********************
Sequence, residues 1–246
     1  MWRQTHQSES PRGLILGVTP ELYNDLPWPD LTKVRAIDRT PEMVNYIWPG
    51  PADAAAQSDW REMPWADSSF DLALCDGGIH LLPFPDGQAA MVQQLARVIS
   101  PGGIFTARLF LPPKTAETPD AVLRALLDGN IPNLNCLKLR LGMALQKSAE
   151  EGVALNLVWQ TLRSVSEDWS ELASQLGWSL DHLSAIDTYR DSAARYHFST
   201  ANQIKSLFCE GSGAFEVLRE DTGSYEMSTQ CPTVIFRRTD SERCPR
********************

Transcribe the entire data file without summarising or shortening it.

Sequence, residues 1–246
     1  MWRQTHQSES PRGLILGVTP ELYNDLPWPD LTKVRAIDRT PEMVNYIWPG
    51  PADAAAQSDW REMPWADSSF DLALCDGGIH LLPFPDGQAA MVQQLARVIS
   101  PGGIFTARLF LPPKTAETPD AVLRALLDGN IPNLNCLKLR LGMALQKSAE
   151  EGVALNLVWQ TLRSVSEDWS ELASQLGWSL DHLSAIDTYR DSAARYHFST
   201  ANQIKSLFCE GSGAFEVLRE DTGSYEMSTQ CPTVIFRRTD SERCPR